By Adam Lovinus
By Lilledeshan Bose
By Gabriel San Roman
By Rachel Mattice
By Stephanie Zacharek
By Daniel Kohn
By Nate Jackson
By Mike Seeley
Confession: the first time I heard The New Danger, I actually had to burrow through my bag for my iPod just to make sure I had the right album on shuffle: Limp Bizkit, is that you? I mean, I like to credit the Mighty Mos for single-handedly bringing back my interest in rap—he was one of the few who picked up what others had long ago lost in tired recycled racket and rhymes, perpetuating misogyny and materialism with the R&B girl du jour purring the hook. But the noise on tracks such as "Zimzallabim" and "Freaky Black Greetings" only disinterred disorienting memories of chocolate starfish and hot dog-flavored beverages.
The Brooklyn native had previously expressed his thoughts on the true origins of rock on the aptly titled track "Rock N Roll" off his 1999 solo debut, Black on Both Sides: "I said, Elvis Presley ain't got no soul/Chuck Berry is rock and roll/You may dig on the Rolling Stones/But they ain't come up with that style on they own." The final one minute and 18 seconds was the real blow, where he urged listeners to "Get yo' punk ass up!" followed by an almost sarcastic Korn-inspired no-holds-barred freak-out. Personally, I thought it was real clever at the time. When you do things ironically, you see, it's totally okay!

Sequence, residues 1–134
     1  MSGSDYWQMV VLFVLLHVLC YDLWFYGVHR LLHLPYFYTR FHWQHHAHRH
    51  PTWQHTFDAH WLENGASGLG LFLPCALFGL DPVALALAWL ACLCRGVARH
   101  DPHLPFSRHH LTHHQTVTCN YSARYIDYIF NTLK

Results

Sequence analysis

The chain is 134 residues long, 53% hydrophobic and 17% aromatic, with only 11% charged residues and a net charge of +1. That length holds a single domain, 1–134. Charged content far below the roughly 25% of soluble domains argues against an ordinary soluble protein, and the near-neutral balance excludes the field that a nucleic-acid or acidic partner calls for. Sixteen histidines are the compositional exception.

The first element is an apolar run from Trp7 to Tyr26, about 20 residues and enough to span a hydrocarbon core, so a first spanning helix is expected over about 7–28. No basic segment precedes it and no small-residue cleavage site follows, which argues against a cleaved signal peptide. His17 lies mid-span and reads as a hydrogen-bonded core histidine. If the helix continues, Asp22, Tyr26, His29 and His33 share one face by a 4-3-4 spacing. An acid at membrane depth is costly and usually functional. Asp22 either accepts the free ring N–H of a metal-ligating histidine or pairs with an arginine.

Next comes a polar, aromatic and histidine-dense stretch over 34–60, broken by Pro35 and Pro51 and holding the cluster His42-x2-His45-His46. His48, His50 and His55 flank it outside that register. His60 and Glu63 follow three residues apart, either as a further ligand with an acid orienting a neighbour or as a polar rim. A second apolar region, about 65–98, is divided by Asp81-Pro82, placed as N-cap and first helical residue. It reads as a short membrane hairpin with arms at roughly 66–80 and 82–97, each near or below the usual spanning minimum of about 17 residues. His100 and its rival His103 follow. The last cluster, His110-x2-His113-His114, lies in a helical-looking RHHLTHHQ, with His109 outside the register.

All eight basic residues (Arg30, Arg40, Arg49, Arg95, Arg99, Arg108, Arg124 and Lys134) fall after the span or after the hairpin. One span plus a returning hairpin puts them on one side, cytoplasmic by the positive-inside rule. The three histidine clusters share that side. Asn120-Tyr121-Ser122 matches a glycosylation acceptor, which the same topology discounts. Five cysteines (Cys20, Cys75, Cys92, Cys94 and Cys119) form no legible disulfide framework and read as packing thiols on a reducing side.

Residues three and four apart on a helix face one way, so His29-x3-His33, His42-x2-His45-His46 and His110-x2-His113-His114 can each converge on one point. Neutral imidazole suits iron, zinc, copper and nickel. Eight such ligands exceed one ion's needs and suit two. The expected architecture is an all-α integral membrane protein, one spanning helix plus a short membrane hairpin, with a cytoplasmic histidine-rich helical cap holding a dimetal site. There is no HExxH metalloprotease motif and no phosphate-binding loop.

Fastforward to spring 2005, where that same feeling of dread and/or repulsion brought on by the rap-rock sound of The New Dangerwas revived when I witnessed Mos selling Envoy Denalis for GMC on television—was this really the same man who had blasted large corporations for the imprudent abuse of the world's natural resources in "New World Water"?
Being accused of "selling out" is an issue that's bound to come with fame for artists of any genre. You know what I'm talking about. Like how No Doubt was once considered a ska band? When Weezer sold their souls to the Carson Daly generation with the Green Album? Or Dylan's "The Times They Are A-Changin'" being used in commercials for the controversy-riddled Kaiser Permanente?
Still, all instances of apparent hypocrisy aside, Mos remains one of hip-hop's most talented MCs, rapping about real "bigger picture" issues. Because of his mass exposure, whether taking on film roles starring opposite Bruce Willis (16 Blocks, which is in postproduction), guest-starring on Chappelle's Show or hosting HBO's weekly spoken word program Def Poetry, Mos has the rare opportunity to propagate vital messages to mainstream audiences, as he did with his sticking-it-to-the-man response concerning the aftermath of Katrina with "Dollar Day for New Orleans (Katrina Clap)": "Don't talk about it," he urges at the end, "be a part of it."
However, while Mos' intention of retrieving rock from bands such as, funnily enough, Limp Bizkit (as he specified in a 2004 Los Angeles Times interview) is admirable, his rock-rap fusion tracks kick up some thick toxic gas around the few shining beacons of light on The New Danger, such as "Sex, Love, and Money" and "Close Edge." But the Mighty Mos has, for the most part, always managed to juggle that infernal struggle between substance and sound. Maybe I can forgive the man for a mosh pit or two.